Glebe Point Diner

407 Glebe Point Road

A leisurely Sunday lunch is one of the joys of life, especially on a warm sunny day. We’ve been exploring the regions of Sydney and a walk around the harbour wetted our appetites for a lunch at the Glebe Point Diner which recently won the people’s choice Time Out award (http://www.timeoutsydney.com.au/restaurants/sydneyfoodawards/).

The staff are young & fun which fits with the diverse clientele. And although the service was a little slack, there was a charm which nullifies the inconsistencies.  

The menu itself is limited to about 5 choices per course, which is no bad thing and it’s proper bistro food which is ideal for brains still fuddled from Saturday night excesses. It also means there wasn’t an awful lot of innovation on the menu, with starters ranging from terrine, soup, squid to fennel salad. No bad thing though.

My wife started with the potato soup with moreton bay bugs, while I had the squid with aioli.

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The soup was a valiant effort to do a potato soup without bags of cream. But it was a bit thin and under-seasoned. The bug itself was only a morsel, and didn’t really give the dish a bit of ‘wow’ it should have had. My squid on the other hand was excellent. It was a fair portion with well cooked seasoned squid accompanied by a surly and pungent aioli. It was difficult to keep to myself.

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The main courses were good. I convinced my wife to try the jewfish steamed in greens. It was lovely and succulent. The peas enhanced the sweetness of the sizeable tranche and after some tentative prodding it was pronounced excellent. On a hot sunny day, this is a pretty ideal dish.

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I opted for the special of roast rib of pork with rhubarb compote and potato puree. It was hard to resist and as a roast goes, it was pretty damn perfect. The meat was local and clearly of good provenance. It was cooked well with the barest hint of pink and the dense crackling gave in with a firm hand.  The sharp compote added good contrast and the only downside of puree was that there wasn’t enough of it, so it had to be carefully eked out.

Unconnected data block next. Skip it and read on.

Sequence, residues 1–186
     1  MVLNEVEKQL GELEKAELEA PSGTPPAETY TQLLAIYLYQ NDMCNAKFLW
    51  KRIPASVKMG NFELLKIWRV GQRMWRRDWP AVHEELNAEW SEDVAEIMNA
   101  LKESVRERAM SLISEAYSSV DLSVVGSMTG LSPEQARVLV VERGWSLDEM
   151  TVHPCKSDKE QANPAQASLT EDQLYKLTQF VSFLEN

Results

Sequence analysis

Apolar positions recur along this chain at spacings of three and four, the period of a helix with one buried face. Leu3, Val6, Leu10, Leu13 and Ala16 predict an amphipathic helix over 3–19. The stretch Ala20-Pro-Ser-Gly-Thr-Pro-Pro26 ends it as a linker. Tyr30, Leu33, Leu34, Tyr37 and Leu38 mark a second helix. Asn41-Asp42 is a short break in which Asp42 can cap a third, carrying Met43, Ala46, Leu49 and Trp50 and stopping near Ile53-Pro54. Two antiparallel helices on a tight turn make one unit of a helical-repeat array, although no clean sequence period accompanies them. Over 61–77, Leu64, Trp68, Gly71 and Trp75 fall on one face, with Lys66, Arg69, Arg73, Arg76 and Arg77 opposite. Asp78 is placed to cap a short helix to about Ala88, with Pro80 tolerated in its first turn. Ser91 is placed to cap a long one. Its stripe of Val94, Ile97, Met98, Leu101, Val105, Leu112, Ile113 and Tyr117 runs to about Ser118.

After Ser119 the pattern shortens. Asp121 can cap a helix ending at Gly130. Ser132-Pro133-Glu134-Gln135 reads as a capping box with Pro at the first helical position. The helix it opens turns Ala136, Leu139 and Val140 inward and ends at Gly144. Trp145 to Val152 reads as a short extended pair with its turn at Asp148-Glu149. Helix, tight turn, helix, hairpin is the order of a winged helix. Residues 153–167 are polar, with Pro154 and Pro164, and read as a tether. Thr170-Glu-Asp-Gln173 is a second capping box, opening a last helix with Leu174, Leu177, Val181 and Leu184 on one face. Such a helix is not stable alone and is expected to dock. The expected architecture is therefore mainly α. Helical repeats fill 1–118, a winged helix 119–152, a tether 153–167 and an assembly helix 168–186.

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Considering we were keen to do more exploring in the afternoon, we opted to share a dessert. This prompted some intense negotiations, with the banana fritters losing out to an extremely gooey and not too tart lemon tart. It didn’t last long with the pastry not proving much of a barrier and the cream a nice rich accompaniment. The cream could easily have been eaten by itself. I believe one or two spoonfuls were sneakily had.

We skipped coffee and reluctantly headed on our way

While our meal wasn’t perfect the overall lunch was relaxing, enjoyable and even though it’s the kind of place where the costs sneakily mount up, you don’t begrudge the bill. Having said that, a place which treats bread as a dish to order and doesn’t automatically provide vegetables with main courses is being a bit cheeky.

It is though a very good neighbourhood restaurant. It doesn’t need a website, being the sort of place which relies on good word of mouth and local clientele. Every suburb needs a place like this and I consider it a prerequisite in choosing where to settle down in Sydney. It might just be the deciding factor.

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